The outpouring of discontent underscored tensions between China and the vibrant city of 7 million that was returned to China in 1997 after more than a century of British colonial rule.

While much of it revolves around inequality and stunted democratic development, Hong Kongers are also upset over what they see as arrogant Chinese behaviour — mainlanders taking over retail outlets during shopping trips or even the choice of language during the swearing-in, Beijing-accented Mandarin instead of the Cantonese dialect spoken locally.

Leung Chun-ying (57) became third chief executive after Donald Tsang and Tung Chee-hwa. He promised to address economic needs, including skyrocketing housing prices, which many blame on deep-pocketed mainland apartment buyers.

A demonstrator who tried to interrupt Chinese President Hu Jintao as he began his address was bundled away by security officials. The man, one of the guests invited to the inauguration, waved a small flag and yelled slogans calling for China’s leaders to condemn the brutal June 4, 1989, crackdown on protesters in Tiananmen Square. He also called for an end to one-party rule in China. Mr. Hu took no notice.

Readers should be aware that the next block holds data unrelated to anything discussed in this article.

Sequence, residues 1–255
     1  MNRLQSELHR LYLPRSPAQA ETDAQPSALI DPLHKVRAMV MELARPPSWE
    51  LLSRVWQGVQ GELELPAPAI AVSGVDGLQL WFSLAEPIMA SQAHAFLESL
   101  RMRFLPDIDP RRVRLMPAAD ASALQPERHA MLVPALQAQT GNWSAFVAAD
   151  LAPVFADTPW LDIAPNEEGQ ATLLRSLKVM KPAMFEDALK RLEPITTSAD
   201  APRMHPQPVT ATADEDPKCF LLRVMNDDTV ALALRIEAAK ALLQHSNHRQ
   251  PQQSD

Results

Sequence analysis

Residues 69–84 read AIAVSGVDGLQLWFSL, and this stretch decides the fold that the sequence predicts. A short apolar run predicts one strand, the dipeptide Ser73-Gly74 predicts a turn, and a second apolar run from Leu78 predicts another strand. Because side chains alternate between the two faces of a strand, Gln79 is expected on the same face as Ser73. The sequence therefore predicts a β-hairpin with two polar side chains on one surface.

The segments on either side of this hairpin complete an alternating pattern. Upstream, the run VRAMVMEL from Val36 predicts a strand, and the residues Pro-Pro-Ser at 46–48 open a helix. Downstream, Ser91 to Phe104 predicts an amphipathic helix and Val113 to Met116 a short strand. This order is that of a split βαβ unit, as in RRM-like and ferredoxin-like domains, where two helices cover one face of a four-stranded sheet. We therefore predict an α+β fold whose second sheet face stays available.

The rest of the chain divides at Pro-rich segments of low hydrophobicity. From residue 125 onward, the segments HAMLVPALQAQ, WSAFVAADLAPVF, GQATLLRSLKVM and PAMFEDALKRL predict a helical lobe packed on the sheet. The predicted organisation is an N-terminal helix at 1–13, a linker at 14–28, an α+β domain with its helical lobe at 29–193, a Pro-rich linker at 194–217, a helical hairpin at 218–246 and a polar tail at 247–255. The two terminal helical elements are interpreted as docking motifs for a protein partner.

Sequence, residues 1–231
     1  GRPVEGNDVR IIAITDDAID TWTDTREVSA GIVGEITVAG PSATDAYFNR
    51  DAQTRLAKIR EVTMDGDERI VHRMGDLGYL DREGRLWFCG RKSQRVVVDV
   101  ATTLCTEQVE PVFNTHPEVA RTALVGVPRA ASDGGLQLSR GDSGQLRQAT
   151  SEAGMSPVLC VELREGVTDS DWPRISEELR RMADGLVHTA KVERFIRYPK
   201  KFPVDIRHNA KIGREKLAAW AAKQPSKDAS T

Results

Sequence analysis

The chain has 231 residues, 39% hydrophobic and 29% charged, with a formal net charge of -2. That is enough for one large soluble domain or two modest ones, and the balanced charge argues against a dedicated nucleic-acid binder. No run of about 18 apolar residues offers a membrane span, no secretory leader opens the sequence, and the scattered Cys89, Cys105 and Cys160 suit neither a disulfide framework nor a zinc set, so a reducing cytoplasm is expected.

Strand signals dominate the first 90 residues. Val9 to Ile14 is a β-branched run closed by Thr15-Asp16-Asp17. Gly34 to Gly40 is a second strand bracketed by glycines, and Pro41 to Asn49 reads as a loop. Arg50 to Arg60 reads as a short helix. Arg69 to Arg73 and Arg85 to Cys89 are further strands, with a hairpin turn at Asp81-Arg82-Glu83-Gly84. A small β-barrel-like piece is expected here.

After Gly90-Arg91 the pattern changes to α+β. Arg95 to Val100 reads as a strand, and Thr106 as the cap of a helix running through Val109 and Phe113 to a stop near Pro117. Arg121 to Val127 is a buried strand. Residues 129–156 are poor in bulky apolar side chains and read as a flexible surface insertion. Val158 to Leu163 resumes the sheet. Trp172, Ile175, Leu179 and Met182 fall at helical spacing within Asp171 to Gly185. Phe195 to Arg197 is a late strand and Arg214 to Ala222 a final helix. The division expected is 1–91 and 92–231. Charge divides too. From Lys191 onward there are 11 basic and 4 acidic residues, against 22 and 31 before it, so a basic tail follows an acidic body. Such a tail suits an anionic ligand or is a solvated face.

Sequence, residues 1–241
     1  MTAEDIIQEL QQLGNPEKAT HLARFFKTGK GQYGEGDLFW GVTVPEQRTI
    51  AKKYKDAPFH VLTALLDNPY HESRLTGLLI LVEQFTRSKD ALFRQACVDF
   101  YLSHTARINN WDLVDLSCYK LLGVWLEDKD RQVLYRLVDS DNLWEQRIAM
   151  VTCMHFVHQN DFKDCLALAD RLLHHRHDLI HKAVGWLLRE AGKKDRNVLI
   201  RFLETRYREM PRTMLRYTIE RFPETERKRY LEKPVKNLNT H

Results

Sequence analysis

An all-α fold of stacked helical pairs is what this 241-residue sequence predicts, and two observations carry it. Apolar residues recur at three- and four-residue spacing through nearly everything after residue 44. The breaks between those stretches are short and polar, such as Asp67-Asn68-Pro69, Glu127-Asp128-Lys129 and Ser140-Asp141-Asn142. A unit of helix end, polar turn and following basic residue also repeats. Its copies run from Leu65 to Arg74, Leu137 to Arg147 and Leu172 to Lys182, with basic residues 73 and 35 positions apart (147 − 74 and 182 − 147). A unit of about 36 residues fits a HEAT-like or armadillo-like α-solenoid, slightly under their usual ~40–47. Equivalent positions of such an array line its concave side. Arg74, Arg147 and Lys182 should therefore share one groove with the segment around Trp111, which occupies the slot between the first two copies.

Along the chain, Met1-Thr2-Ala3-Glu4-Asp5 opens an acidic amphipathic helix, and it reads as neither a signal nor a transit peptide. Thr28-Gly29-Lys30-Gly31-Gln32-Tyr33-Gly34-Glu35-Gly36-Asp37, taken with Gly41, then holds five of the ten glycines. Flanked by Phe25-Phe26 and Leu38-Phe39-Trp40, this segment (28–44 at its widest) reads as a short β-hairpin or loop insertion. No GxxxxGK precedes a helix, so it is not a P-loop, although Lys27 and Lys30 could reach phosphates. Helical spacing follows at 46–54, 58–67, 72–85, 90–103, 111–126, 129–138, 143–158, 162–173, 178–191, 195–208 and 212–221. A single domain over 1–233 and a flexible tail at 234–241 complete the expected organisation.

The protesters jammed the route of the march, a series of thoroughfares bordered by high-rise apartments and office buildings. There was occasional tension with the thousands of police officers deployed, but by and large the event went off peacefully.

Mr. Hu said Hong Kongers now have more rights and freedoms than ever, a reminder that China has largely kept the promise it made when it regained the territory from U.K. to keep Hong Kong’s relatively open political system in place for 50 years.

But that did little to assuage the protesters, who see China’s Communist Party rule as strongly at odds with the values that many inherited from a British-influenced education, and the continuing spread of democracy to neighbours like S. Korea and Chinese-speaking Taiwan.

“China’s way of thinking is totally different from ours,” said Bono Lau (46). “Tung Chee-hwa talked about one country, two systems but there’s no more of that nowadays.”

Calls for democracy have been catalysed by the stunted election that catapulted Mr. Leung to power and by corruption scandals surrounding his predecessor.

Hong Kongers fear that the political system in place since 1997 has resulted in the city’s billionaire tycoons having too much influence over senior government officials.

Government data now show that income inequality has risen to its highest level in four decades.

More In: International | News